In an earlier post, we discussed different methods of gathering keyboard input in Windows. Today, we will cover how multi-platform and multi-device input can be handled in a straightforward way, showing a very efficient implementation of the underlying parts.
After a bit more than three months of blogging, this blog has already managed to accumulate more than 3000 hits – thank you for reading, keep spreading the word!
Besides, I’ve recently been accepted as a writer for #altdevblogaday, so expect to see some technical articles there as well. My first blog post went live on Tuesday – I’m happy to be part of such a passionate community!
While other languages such as C# offer type-safe callbacks/delegates out-of-the-box, C++ unfortunately does not offer such features. But delegates and events provide a nice way of “coupling” completely unrelated classes without having to write a lot of boilerplate code.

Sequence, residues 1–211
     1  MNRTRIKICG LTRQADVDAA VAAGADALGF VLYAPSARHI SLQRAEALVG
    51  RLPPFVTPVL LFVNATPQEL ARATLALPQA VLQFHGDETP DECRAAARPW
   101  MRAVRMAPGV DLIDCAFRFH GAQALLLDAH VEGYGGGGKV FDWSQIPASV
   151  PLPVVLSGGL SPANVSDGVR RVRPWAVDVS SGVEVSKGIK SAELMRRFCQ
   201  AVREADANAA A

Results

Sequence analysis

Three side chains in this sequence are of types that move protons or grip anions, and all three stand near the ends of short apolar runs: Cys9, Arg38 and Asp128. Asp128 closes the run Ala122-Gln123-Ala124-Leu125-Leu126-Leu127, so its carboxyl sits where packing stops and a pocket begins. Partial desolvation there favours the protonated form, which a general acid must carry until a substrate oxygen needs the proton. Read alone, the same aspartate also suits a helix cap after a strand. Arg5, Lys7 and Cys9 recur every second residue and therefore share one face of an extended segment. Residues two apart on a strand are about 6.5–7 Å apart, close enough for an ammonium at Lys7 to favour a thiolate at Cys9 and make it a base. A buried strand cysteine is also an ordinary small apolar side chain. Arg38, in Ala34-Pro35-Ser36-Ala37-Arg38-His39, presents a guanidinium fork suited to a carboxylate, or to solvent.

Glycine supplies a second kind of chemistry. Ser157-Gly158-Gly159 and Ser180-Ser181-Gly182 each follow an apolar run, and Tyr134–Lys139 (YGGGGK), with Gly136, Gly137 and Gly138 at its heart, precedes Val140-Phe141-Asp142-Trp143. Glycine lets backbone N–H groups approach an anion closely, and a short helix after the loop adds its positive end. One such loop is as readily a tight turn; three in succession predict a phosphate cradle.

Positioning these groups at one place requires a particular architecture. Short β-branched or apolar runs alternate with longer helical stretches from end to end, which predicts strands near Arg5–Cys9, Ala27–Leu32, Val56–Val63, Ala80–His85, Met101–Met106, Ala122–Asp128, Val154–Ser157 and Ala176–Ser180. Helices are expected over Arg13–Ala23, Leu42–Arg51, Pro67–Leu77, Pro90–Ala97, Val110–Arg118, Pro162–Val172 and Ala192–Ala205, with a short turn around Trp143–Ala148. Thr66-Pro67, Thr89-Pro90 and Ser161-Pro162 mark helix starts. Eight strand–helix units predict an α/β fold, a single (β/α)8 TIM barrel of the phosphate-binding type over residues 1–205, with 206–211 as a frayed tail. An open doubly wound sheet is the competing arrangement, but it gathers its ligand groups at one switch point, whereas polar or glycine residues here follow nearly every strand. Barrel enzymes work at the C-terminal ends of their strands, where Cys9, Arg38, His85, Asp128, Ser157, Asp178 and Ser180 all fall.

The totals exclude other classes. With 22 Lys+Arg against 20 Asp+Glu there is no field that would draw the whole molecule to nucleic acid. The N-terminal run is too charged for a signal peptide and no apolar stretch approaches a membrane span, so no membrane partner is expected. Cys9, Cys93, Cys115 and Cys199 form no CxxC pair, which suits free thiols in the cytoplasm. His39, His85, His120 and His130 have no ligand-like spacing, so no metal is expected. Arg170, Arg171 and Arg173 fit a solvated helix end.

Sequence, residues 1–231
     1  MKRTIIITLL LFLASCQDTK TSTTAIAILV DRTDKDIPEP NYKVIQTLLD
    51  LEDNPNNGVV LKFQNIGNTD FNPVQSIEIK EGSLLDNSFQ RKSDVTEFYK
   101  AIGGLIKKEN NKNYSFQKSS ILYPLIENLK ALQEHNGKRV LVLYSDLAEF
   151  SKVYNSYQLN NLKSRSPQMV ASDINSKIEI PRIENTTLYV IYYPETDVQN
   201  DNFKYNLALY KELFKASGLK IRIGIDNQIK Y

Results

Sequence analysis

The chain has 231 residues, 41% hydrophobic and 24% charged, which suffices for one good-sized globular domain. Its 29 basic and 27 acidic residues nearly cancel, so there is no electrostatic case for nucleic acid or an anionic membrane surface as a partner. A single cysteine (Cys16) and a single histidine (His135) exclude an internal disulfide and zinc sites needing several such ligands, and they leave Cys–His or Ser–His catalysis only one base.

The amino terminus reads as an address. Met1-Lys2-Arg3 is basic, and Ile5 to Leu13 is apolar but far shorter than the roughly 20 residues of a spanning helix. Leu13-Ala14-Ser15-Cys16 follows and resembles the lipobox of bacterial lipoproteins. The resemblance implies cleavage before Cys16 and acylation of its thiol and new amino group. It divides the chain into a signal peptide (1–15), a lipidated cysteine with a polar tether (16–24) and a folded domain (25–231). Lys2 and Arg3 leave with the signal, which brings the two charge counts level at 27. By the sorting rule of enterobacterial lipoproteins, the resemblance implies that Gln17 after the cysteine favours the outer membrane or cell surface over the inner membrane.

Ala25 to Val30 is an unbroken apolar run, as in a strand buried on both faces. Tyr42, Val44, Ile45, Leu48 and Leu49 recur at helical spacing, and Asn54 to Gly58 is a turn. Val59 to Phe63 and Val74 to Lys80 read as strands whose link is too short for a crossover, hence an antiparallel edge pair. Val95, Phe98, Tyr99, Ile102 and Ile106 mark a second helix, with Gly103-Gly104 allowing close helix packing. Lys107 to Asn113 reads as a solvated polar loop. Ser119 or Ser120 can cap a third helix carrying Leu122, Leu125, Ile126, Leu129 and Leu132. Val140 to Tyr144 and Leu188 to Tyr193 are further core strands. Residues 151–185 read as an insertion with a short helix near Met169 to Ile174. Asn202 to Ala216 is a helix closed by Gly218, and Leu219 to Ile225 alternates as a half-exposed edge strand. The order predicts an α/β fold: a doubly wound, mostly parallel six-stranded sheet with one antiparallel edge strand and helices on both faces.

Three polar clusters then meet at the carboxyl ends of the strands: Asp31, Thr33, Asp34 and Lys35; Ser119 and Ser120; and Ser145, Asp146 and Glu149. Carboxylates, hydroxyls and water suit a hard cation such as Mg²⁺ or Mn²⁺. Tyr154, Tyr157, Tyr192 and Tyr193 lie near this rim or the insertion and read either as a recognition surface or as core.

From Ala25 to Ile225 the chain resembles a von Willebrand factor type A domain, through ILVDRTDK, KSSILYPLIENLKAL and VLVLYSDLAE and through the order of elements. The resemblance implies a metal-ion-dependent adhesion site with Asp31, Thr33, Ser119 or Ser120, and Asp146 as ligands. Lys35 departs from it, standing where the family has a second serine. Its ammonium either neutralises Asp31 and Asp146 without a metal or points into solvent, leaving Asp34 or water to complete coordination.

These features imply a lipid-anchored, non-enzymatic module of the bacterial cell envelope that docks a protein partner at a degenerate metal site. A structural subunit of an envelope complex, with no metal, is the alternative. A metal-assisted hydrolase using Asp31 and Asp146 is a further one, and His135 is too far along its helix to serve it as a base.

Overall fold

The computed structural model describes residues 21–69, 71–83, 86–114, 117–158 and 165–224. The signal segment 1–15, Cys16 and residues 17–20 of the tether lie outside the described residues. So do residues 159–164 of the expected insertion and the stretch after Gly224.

This blog post describes a generic, type-safe implementation of such delegates and events using advanced C++ features such as non-type template arguments and partial template specialization, supporting both free functions and member functions alike, without any restrictions or dynamic memory allocation.
Dealing with function template code can sometimes result in errors being emitted by the compiler because template argument deduction is ambiguous. Most of the time, casts are used to battle these errors, but often there’s a more elegant solution to the problem.